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Georges, Alexandre

Georges, Alexandre

Georges, Alexandre, French organist and composer; b. Arras, Feb. 25, 1850; d. Paris, Jan. 18, 1938. He studied at the Niedermeyer School in Paris and later became a teacher of harmony there. He occupied various posts as organist in Paris churches, and was a successful organ teacher. As a composer, he was mainly interested in opera. The following were produced in Paris: Le Printemps (1888), Poémes d’amour (1892), Char-lotte Corday (March 6, 1901), Miarka (Nov. 7, 1905; his most successful work; revived and shortened, 1925), Myrrha (1909), and Sangre y sol (Nice, Feb. 23, 1912). He also wrote the oratorios Notre Dame de Lourdes, Balthazar and Chemin de Croix’, the symphonic poems Léila, La Naissance de Vénus and Le Paradis perdu. He wrote some chamber music for unusual combinations: A la Kasbah for Flute and Clarinet, Kosaks for Violin and Clarinet, etc. He is best known, however, for his melodious Chansons de Miarka for Voice and Piano (also with Orch.) and his arrangement of Chansons champenoises à la manière ancienne by G. Dévignes.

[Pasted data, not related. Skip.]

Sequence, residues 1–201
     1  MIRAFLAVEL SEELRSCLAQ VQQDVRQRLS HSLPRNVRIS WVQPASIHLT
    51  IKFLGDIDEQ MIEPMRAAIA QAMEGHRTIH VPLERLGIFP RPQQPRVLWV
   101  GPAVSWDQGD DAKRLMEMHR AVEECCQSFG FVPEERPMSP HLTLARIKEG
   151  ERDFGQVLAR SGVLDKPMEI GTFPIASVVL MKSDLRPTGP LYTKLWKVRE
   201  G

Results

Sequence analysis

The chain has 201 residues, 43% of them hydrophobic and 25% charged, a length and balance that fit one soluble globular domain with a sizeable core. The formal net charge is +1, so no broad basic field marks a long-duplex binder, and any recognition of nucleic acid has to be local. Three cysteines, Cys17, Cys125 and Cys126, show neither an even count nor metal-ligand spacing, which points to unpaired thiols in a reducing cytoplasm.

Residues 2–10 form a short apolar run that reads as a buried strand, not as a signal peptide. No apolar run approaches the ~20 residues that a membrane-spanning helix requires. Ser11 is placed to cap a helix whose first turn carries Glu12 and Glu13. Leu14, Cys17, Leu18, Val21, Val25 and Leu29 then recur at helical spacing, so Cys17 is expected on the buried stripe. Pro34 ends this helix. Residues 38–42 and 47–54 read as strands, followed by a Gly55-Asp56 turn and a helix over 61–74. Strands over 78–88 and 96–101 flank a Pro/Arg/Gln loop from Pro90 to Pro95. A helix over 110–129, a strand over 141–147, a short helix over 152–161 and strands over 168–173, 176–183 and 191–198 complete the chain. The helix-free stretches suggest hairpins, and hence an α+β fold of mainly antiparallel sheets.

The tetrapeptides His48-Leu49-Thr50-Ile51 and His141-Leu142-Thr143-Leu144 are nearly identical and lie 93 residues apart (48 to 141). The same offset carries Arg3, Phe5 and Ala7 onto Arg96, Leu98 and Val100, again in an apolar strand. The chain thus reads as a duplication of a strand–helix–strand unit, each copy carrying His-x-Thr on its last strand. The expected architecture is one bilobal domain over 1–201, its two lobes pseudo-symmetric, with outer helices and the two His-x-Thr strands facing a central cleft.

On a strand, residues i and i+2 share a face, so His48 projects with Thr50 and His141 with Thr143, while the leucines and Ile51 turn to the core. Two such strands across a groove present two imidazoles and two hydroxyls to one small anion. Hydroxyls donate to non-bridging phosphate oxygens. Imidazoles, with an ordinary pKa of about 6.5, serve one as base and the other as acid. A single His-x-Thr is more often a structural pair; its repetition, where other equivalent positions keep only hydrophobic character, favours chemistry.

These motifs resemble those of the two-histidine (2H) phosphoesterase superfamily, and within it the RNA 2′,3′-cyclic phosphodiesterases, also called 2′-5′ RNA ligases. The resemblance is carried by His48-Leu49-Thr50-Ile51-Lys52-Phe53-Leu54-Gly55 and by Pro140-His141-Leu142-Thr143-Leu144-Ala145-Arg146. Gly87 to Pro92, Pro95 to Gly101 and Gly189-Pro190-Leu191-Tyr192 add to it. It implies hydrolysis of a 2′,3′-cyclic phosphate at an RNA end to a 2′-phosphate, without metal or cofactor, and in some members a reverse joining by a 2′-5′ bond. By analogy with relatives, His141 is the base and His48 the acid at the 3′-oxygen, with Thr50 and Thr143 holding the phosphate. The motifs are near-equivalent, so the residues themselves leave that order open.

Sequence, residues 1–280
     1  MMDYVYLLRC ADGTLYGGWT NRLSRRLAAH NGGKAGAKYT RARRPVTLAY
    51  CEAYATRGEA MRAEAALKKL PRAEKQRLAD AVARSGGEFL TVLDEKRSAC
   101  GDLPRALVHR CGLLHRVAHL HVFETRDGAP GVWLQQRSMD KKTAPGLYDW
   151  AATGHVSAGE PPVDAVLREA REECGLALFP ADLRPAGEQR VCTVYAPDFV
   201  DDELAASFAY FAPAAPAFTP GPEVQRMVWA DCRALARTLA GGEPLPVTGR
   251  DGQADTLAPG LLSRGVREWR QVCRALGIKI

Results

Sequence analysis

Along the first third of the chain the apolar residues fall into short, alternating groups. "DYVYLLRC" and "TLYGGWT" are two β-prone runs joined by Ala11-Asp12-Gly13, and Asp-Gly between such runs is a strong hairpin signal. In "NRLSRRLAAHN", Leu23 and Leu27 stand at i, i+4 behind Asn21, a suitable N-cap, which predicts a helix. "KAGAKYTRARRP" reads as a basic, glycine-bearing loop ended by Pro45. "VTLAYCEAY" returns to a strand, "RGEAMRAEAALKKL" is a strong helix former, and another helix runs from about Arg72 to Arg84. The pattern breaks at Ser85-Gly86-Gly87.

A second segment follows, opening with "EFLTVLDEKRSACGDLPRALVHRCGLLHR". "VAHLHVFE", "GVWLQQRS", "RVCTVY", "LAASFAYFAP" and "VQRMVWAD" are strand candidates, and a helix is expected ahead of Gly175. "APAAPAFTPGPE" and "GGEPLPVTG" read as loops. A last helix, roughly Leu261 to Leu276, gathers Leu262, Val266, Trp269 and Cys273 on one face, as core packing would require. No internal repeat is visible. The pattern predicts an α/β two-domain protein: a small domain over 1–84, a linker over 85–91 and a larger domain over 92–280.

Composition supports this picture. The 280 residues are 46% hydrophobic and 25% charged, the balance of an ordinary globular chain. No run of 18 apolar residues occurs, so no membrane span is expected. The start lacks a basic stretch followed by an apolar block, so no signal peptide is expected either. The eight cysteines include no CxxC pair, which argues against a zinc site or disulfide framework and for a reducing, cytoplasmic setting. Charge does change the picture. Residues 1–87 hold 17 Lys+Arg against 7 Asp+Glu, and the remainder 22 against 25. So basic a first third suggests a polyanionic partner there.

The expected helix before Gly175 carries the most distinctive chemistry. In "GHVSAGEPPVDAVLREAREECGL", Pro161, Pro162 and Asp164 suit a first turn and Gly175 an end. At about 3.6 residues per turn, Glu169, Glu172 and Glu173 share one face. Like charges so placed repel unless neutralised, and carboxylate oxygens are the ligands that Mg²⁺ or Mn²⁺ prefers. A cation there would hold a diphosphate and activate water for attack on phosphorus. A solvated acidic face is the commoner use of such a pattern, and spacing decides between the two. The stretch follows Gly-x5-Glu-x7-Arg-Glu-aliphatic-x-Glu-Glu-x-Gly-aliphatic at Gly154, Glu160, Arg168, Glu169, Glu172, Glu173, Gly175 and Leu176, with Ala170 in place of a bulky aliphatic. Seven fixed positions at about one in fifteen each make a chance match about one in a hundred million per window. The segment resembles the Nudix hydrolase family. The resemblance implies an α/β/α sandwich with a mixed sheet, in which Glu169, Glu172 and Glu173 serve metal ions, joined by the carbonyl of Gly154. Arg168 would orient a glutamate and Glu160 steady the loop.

—Nicolas Slonimsky/Laura Kuhn/Dennis McIntire

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